A deciduous tree from the Beech Family (Fagaceae).
Growth Rate: Slow
Mature Spread: 70'
Mature Height: 80'
Shape: Short trunk, rounded to spreading
Sunlight: Part to full sun
Soil Type: Adaptable but prefers rich soils that are well-drained, constant moisture
American Beech (Fagus grandifolia), easily recognized from a distance by its smooth, steel-gray bark and tapering surface roots at the base of its trunk, is present throughout all of Ohio. This tree is a favorite of children and teenagers who love to carve their initials onto its large smooth trunks. Many beech trees are partially hollow and provide excellent den sites for various wildlife, including squirrels, raccoons, and opossums. Its small, triangular nuts are relished by both mammals and birds in autumn.
A native of the eastern United States and southeastern Canada, the slow-growing American Beech reaches 80 feet tall and 70 feet wide when found in the open, with a short trunk and a rounded to spreading shape. It is a climax tree in mature forests, along with Sugar Maple, Oaks, Hickories, and sometimes Canadian Hemlock. As a member of the Beech Family, American Beech has a similar-looking cousin in European Beech, and is related to the Oaks and Chestnuts.
American Beech is adaptable to organic or clay soils, of alkaline to acidic pH, and of very moist to dry conditions. However, it prefers rich soils that are well-drained with constant moisture, and is often found naturally on lower slopes that drain into streams. It is very shade tolerant (especially when young), but achieves its best growth in partial sun to full sun, although still with a slow growth rate. It is found in zones 4 to 9.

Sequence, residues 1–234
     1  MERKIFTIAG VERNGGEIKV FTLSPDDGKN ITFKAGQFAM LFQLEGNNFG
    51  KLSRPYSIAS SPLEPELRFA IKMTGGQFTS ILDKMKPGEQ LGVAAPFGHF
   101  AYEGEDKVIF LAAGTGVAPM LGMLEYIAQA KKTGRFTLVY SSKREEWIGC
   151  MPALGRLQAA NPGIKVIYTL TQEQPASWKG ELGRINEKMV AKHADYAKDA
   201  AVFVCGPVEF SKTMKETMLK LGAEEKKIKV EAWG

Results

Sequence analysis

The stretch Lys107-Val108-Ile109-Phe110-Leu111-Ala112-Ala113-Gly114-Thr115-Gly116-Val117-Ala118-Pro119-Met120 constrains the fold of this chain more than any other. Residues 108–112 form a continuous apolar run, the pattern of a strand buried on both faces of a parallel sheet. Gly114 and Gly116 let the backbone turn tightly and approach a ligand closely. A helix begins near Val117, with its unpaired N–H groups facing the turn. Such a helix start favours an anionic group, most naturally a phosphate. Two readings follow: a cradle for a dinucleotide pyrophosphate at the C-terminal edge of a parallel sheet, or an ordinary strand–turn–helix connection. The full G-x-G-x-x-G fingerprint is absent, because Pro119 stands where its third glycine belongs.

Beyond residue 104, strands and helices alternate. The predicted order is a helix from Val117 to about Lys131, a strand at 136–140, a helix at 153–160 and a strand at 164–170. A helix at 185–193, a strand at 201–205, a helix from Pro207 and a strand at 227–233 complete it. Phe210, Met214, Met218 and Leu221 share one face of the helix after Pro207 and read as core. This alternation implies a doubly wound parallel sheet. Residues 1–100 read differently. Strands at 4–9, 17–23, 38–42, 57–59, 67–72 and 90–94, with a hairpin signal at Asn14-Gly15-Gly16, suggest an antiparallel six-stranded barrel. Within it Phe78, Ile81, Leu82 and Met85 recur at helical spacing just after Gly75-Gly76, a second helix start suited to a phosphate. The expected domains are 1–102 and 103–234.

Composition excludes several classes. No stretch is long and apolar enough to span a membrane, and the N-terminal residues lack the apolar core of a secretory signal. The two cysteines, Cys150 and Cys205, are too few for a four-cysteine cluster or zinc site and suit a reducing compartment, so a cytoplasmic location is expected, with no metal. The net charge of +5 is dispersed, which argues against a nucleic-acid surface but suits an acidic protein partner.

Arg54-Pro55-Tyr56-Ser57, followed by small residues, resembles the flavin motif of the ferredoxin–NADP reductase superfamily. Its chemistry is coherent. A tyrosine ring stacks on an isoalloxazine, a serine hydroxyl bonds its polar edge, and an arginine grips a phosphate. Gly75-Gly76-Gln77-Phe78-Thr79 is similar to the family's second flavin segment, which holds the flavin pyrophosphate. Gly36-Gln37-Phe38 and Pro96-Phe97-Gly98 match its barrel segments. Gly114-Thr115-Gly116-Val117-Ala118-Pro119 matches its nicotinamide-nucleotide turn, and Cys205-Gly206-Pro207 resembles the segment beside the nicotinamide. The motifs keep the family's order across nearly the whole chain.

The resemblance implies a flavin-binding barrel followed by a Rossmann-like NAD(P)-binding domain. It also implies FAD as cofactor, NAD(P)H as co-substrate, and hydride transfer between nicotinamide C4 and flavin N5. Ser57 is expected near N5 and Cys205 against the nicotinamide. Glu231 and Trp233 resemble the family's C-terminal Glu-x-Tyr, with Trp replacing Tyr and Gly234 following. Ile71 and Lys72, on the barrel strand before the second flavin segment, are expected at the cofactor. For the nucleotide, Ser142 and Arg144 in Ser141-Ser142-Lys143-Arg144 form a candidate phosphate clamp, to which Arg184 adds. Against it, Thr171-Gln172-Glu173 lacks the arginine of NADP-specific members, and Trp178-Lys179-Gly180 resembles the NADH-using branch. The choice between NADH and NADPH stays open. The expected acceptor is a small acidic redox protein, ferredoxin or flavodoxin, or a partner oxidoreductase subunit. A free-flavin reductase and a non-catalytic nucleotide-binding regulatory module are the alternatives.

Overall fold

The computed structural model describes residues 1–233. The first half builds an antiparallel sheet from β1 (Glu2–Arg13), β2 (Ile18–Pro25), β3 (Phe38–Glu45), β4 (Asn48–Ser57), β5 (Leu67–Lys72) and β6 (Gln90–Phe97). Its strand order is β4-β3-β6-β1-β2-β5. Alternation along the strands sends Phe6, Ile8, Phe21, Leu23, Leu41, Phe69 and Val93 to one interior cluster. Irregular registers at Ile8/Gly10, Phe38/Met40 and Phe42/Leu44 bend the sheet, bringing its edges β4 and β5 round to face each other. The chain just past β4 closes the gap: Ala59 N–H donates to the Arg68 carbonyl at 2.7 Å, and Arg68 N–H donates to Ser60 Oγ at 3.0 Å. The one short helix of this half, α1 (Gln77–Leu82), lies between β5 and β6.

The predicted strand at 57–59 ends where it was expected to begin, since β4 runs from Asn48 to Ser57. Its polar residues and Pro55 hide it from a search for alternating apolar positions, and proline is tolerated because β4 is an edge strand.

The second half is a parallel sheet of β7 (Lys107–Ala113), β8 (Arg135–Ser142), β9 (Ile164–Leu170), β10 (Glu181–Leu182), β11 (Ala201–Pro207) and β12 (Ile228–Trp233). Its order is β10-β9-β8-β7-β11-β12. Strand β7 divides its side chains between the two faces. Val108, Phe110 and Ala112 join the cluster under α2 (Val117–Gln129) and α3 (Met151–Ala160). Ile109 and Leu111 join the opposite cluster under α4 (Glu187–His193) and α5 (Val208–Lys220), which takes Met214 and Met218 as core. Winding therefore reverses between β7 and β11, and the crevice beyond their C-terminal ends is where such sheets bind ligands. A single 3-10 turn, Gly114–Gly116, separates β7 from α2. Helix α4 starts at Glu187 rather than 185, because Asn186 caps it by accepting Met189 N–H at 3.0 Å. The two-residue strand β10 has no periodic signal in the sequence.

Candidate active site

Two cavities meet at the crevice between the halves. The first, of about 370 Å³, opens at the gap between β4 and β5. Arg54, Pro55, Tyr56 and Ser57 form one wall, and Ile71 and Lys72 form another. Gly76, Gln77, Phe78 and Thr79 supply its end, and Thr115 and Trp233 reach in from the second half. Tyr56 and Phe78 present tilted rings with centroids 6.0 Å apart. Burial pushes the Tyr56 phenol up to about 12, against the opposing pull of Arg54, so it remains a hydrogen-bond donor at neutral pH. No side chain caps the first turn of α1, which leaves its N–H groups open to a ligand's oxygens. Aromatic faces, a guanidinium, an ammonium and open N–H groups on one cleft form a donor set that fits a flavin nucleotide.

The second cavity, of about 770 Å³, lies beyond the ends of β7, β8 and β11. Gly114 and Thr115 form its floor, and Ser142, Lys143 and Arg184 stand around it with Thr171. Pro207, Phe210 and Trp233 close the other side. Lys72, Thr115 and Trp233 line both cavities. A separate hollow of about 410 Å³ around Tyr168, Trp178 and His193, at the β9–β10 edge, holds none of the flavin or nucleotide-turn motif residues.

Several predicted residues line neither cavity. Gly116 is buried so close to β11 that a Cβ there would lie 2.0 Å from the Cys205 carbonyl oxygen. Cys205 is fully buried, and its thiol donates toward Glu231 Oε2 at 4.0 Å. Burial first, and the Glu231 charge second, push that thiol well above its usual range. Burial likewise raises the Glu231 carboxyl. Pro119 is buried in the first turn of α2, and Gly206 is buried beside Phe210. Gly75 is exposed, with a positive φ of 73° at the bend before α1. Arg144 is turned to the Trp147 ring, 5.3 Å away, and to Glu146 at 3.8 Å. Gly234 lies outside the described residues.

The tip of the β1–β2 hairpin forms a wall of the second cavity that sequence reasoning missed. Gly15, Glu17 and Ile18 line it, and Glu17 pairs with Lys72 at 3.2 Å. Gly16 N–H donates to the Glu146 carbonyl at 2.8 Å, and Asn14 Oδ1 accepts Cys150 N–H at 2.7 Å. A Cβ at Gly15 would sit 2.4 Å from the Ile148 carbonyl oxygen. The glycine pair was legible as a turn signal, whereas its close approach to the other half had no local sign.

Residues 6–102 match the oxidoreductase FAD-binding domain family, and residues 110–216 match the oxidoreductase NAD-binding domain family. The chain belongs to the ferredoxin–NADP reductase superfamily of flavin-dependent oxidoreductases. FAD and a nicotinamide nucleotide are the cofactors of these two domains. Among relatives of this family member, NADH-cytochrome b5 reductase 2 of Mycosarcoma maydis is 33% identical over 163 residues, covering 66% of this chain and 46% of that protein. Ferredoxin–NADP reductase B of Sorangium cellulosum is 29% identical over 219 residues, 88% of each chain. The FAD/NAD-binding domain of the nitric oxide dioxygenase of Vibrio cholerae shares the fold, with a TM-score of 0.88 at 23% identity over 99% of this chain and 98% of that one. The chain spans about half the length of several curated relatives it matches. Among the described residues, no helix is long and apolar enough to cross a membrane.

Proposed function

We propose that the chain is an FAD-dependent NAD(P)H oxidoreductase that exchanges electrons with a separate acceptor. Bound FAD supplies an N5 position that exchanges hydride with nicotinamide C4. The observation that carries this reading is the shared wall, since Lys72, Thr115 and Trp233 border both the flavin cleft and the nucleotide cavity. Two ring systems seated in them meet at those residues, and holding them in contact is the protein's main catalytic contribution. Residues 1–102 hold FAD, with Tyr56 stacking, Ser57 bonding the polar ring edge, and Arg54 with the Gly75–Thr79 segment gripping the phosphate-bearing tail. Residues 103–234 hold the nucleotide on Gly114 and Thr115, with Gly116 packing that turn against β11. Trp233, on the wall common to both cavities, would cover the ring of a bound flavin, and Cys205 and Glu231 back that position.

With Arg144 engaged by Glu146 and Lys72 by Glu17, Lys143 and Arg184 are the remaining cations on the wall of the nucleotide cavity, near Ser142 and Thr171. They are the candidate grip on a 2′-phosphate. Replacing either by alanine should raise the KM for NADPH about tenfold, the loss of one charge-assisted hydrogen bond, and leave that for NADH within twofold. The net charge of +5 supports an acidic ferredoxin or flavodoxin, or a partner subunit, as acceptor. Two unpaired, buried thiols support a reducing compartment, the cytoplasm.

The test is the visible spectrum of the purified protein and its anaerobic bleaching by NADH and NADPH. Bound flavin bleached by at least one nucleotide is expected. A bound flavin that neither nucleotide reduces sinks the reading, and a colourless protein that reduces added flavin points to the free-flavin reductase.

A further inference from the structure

American Beech is usually disease and pest-free, but its tendency to have hollow trunks often leads to massive limbs being ripped out by strong winds. In urban areas, its shallow root system and dense shade make turfgrass establishment a real challenge, especially under the canopy of large, mature trees. In addition, it is sparsely branched when young, giving it a thin appearance until it reaches about four inches in trunk diameter.
Beech bark disease (BBD) has been killing American beech (Fagus grandifolia) trees in the eastern United States since the 1930s. The disease is actually an interaction between the beech scale (a non-native insect) and either one of two Nectria fungi.
Leaves of American Beech are alternate with coarse serrations on their slightly undulating margins. In the spring, they emerge as silvery-green, but quickly change to medium green then dark green (left).
Fall color ranges from yellow-green to a rich golden-brown (right), and some of the leaves do not abscise until the following spring. On old trees, the interior portions of the lower branches retain the beige-colored dead leaves, while young trees may have virtually their entire canopy clothed in dead foliage (below, upper left).
American Beech has separate male and female flowers, both of which occur on the same tree in early spring (thus making this species monoecious). Both types of flowers open with the emerging foliage, and some of the female flowers later become the fruits.
Fruits of American Beech are composed of an outer prickly husk that splits open in late summer and early autumn to reveal one or two triangular, edible nuts. This "beech mast", as it is also known, is a favorite of birds and mammals.
This tree is also easily identified in winter by its long, narrow, pointed buds, which occur at every zig and zag of the outer twigs.
The bark of American Beech is its trademark, being steel gray in color and very smooth and thin, even on old trees . It is frequently vandalized by people who like to carve their initials on the trunk, since the smooth bark will not obscure the graffiti, even decades after the carving. The trunk flares more at its base than most other trees, and transitions to the shallow root system.